Thursday, January 7, 2016

365 Affirmations for the Writer

Here is just a sampling of what you’ll find in 365Affirmations for the Writer—if you like this little sip, take a long drink and download the whole thing.
eBook from Amazon and other outlets

January 1
You Determine Where You’ll Go
You have brains in your head. You have feet in your shoes. You can steer yourself any direction you choose. You’re on your own. And you know what you know. And YOU are the one who’ll decide where to go...
Dr. Seuss, from Oh, the Places You’ll Go!

January 2
Books are the grail for what is deepest, more mysterious and least expressible within ourselves. They are our soul’s skeleton. If we were to forget that, it would prefigure how false and feelingless we could become.
― Edna O’Brien, from It’s a Bad Time Out There For Emotion

January 3
A room without books is like a body without a soul.
― Cicero

Can you recall the first book you read? Right now write about that experience and what keeps you coming back to books?

January 4
Outlines—Yes or No
I’m one of those writers who tends to be really good at making outlines and sticking to them. I’m very good at doing that, but I don’t like it. It sort of takes a lot of the fun out.
Neil Gaiman, winner of both the Newbery and Carnegie Medals, and many other awards too numerous to list, from and interview by Chris Bolton,, August, 2005

January 5
Outlines—Yes or No
A lot of new writers assume you have to know the where the story is going and that it flows out as molten gold. But really, sometimes you think you are going to one place, but then you decide that is dumb idea. Then you go somewhere else and it is a worse idea. But then you switch again and you might have a beautiful accident.
Patrick Rothfuss, writer of epic fantasy, namely The Wise Man’s Fear

Do you use an outline or go by instinct? Mindmapping is one such way to free associate. Rather than work consecutively or following a certain set of logic, mindmapping allows you to start with one idea and link it to another, even if there is no obvious connection. Some work with words and images, drawing pictures or icons or simply the use of color to describe their feelings. It is the same part of your mind that doodles during a lecture. There is the main idea, but the supporting material under the surface that you want to access. Allow yourself to explore what appears to be non-sense.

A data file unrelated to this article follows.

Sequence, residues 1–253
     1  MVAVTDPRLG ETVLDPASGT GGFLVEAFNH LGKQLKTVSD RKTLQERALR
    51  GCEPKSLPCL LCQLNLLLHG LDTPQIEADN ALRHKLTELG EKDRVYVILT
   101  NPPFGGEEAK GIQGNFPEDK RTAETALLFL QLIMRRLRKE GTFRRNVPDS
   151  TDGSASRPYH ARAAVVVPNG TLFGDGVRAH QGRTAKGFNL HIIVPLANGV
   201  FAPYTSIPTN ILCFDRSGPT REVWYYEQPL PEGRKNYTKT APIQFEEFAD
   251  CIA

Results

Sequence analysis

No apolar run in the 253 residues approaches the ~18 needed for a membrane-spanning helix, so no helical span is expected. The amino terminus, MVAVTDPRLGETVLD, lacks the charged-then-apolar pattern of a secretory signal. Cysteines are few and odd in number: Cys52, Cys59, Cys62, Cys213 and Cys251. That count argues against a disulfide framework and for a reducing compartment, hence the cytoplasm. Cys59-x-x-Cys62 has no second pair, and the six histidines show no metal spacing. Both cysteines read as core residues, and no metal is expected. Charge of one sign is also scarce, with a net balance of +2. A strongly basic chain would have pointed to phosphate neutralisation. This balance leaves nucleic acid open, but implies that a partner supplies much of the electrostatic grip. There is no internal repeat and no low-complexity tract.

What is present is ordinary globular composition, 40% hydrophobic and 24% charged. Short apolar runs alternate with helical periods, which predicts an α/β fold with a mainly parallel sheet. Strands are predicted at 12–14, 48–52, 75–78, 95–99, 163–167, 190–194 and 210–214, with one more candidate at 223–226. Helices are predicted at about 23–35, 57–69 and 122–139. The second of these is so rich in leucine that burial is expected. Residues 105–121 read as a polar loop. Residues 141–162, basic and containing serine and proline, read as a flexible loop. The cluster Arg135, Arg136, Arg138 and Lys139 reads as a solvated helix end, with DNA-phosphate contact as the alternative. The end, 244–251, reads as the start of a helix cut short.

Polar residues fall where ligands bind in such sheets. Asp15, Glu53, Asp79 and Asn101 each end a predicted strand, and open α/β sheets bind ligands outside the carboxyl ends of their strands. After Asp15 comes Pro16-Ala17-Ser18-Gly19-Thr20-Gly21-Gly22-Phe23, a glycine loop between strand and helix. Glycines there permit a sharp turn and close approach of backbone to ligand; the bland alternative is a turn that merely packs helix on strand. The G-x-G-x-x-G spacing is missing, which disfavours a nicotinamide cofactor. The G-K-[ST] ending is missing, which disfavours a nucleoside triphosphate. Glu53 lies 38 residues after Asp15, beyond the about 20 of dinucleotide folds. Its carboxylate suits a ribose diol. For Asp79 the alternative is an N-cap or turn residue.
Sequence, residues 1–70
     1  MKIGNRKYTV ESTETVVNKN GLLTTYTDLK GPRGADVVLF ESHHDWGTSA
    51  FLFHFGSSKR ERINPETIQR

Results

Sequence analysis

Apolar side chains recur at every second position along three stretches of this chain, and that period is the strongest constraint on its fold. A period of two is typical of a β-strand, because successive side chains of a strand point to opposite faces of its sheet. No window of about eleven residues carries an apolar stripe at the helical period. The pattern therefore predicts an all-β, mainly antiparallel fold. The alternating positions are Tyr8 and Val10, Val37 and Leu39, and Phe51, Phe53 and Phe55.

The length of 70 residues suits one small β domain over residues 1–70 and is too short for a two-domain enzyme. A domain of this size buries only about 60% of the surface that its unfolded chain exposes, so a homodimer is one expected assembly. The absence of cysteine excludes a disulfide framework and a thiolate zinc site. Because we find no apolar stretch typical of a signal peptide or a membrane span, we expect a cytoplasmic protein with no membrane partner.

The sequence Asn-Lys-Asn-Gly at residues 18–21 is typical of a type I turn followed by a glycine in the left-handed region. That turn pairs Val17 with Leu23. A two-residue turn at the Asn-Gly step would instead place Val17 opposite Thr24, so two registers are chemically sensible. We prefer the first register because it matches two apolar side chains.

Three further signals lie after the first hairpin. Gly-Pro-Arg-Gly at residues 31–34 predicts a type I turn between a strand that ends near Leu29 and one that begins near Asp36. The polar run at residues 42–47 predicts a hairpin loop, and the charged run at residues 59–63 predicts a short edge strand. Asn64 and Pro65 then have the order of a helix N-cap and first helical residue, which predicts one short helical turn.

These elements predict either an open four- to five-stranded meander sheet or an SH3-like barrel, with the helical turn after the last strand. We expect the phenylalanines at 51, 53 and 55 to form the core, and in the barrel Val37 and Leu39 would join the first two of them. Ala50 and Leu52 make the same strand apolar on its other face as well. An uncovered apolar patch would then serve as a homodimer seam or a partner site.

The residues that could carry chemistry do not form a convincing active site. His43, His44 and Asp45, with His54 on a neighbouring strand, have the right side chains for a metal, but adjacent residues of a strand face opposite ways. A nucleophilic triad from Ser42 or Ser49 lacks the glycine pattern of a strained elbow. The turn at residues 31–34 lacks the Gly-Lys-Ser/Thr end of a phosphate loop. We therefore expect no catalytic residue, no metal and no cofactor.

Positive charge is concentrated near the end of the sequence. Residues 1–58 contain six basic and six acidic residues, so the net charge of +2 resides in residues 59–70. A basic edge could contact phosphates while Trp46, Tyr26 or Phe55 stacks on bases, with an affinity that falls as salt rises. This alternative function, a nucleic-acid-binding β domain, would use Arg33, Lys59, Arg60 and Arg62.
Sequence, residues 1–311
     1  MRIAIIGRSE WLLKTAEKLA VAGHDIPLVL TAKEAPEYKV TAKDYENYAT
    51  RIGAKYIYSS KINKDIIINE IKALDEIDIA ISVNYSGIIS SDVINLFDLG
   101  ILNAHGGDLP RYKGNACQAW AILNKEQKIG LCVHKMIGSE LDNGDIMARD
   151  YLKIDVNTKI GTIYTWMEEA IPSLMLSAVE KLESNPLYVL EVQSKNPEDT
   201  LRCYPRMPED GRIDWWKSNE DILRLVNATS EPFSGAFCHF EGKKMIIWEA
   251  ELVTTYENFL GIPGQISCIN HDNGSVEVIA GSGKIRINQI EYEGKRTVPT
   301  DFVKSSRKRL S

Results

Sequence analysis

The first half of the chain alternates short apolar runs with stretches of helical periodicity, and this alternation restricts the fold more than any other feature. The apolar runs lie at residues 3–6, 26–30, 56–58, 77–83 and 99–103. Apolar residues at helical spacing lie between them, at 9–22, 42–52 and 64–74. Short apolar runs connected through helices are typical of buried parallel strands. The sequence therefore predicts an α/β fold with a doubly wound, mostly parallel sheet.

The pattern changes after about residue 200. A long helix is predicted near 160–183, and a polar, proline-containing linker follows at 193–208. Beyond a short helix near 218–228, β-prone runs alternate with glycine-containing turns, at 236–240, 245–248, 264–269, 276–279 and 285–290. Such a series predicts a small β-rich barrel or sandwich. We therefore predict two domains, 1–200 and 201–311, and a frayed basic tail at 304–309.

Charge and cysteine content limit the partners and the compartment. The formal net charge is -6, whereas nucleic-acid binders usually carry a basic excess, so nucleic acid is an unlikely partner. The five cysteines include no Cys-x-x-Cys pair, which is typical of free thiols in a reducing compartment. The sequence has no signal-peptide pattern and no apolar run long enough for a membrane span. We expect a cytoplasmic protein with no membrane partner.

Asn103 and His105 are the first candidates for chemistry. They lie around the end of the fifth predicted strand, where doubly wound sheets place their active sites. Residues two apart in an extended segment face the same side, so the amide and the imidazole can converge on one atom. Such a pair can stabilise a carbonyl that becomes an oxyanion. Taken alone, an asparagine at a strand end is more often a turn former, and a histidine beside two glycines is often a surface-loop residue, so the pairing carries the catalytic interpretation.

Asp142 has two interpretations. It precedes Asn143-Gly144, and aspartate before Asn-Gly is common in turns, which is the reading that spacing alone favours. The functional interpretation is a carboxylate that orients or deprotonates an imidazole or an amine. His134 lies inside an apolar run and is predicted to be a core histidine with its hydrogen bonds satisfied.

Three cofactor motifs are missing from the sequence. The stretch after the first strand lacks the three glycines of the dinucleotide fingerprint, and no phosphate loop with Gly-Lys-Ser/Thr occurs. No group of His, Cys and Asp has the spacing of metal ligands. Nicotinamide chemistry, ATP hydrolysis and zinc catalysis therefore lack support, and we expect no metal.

January 6
There are no laws for the novel. There never have been, nor can there ever be.
― Doris Lessing, Nobel prize-winning novelist

January 7
First, find out what your hero wants. Then just follow him.
― Ray Bradbury

January 8
The Writer as Witness
When I think about writers who use fiction as social commentary and to raise social awareness but who are also very popular, I think of Dickens.
― Jodi Picoult, New York Times Best Seller author

January 9
The Writer as Witness
As writers, it is our job not only to imagine, but to witness.
― Dani Shapiro, fiction writer and memoirist, from Still Writing: The Pleasures and Perils of a Creative Life

January 10
Writers in Action
Mark Salzman ran into a bad case of writer’s block. He was desperate to break out and find his groove. He discovered that the only way to write was to sit with a towel wrapped around his head and headphones clamped onto his ears to block out all noise. In addition he fashioned a skirt of aluminum foil to keep his cat from continually jumping in his lap. Eventually he finished his third novel, Lying Awake.

Analyze your writing process. Do you need a few minutes before diving in? Time to get set up? Some writers have a routine such as a cup of coffee or tea, lighting a candle, a writing playlist.

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